October 19, 2003 |
Kobe who? That's what readers of the Aspen Daily News may well ask in the weeks and months to come. Fed up with the relentless, increasingly lurid media coverage of the Kobe Bryant sexual assault case playing out 75 miles away, the paper recently told the world -- or at least its 15,000 readers -- enough is enough. No more stories of sex over chairs, legal gamesmanship or alleged promiscuity.
May 28, 1990 |
It's been a good many years now, but Rick Davis can't shake the chill he gets when recalling that one particular descent into the Aspen-Pitkin County Airport. It was past dusk, and Davis, having threaded through a forest of snowcapped peaks, was maneuvering his small plane down the curvy Roaring Fork Valley toward the runway. Suddenly, the darkness thickened, and Davis could not distinguish the mountains from the dancing shadows. "I got a distorted perception of the terrain," he remembered.
January 9, 1991 |
HUNTING FUROR: First there was the prairie dog shoot last July, and now there is the coyote shoot. Colorado House Minority Leader Ruth Wright would like to put a stop to it all. During this first week of the 1991 session, Wright plans to introduce a bill that would prohibit animal-killing contests. But the bill, which would still allow trophy contests during hunting season, could not take effect in time to block the coyote hunting contest planned for Saturday.
January 28, 1989 |
There's trouble in paradise. Funky Aspen has become glitzy Aspen, a celebrity-filled Hollywood East, where it's easy to get a Maine lobster dinner delivered to your million-dollar condo but tough to find a grilled cheese sandwich. "We're out of control," says one local, and many worried Aspenites tend to agree. The battle for the soul--and future--of Aspen is not unique.
December 25, 1989 |
It's Christmas, and the fur is flying here in more ways than one. For years, glitzy, ritzy Aspen, the star-studded town of the $100 tip, where the average home sells for $1 million and where celebrities from Prince and Don Johnson to Barbara Walters and Jack Nicholson live and play, has been a swell place to wear a fur coat. The temperatures plunge below freezing and expensive clothes are more the rule than the exception.
January 25, 1994 |
The roar of jet engines plowing through a snowstorm near the 12,000-foot granite peaks surrounding this ski resort's busy airport gives Pitkin County Sheriff Bob Braudis the willies. "I'm in charge of mass casualty response," Braudis said, "and there's no doubt that a big jet calling a distress signal late at night in a driving snowstorm would eclipse our ability to respond."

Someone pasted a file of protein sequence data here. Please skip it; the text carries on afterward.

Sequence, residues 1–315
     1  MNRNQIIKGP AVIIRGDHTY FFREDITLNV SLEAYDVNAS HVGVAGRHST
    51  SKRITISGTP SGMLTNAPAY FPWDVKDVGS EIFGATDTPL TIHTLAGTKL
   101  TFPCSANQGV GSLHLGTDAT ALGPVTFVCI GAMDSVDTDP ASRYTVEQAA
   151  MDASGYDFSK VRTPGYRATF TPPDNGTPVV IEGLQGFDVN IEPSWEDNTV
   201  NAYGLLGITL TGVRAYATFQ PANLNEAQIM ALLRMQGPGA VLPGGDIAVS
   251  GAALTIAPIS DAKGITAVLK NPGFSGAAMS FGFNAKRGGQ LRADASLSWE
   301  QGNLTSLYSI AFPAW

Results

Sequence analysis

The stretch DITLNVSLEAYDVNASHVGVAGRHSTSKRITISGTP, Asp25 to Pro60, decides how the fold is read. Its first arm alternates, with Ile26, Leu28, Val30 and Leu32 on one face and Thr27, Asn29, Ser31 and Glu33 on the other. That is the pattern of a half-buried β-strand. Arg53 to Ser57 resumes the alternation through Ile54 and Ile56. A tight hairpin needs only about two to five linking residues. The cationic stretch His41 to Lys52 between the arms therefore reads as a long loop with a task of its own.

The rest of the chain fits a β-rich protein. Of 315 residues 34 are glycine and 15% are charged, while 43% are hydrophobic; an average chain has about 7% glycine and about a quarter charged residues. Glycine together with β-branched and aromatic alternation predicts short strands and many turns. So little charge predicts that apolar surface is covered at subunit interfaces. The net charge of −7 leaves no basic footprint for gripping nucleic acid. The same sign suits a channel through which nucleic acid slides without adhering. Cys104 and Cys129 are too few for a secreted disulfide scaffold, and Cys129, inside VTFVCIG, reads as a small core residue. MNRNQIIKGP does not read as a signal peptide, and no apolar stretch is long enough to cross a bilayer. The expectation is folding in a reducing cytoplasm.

May 1, 1991 |
They came from Los Angeles with Hollywood money and haute cuisine. But four months later, the celebrity proprietors of a glitzy Aspen, Colo., restaurant left in a rush, stiffing workers on their paychecks and leaving suppliers with thousands of dollars in unpaid bills, police say. "They have left owing money," confirmed Aspen police Sgt.
April 2, 1987 |
The bar at Little Annie's was as crowded as the ski lifts at Buttermilk Mountain. The customers were cheering a television basketball game, the snow from their boots melting onto the wood floors. It was business as usual. But manager John Hamwi was angry. Taking a deep breath and pushing back his baseball cap, Hamwi said he was "sick and tired" of confrontations with cigarette-smoking customers.
December 27, 1999 |
Hugh Burrows is, in many ways, a prototypic Aspenite. He rolled into this breathtaking ski resort 13 years ago in a '66 Volkswagen bug, which he lived in for a time. He scrounged a part-time job and, his career as a ski bum fully launched, commenced living in a tepee. Burrows got older, his jobs got better. He skied less and his housing improved.
June 6, 2008 |
Next time you're lucky enough to jet into Aspen for a little rest and relaxation, one of the recorded voices greeting you at the Pitkin County airport won't be John McCain's. Until last month, the dulcet tone of the presumptive Republican presidential nominee was among those heard at the terminal, welcoming visitors and reciting various safety-related warnings. About 40 people have recorded the messages, a mix of celebrities (such as comic David Brenner and actress Jill St.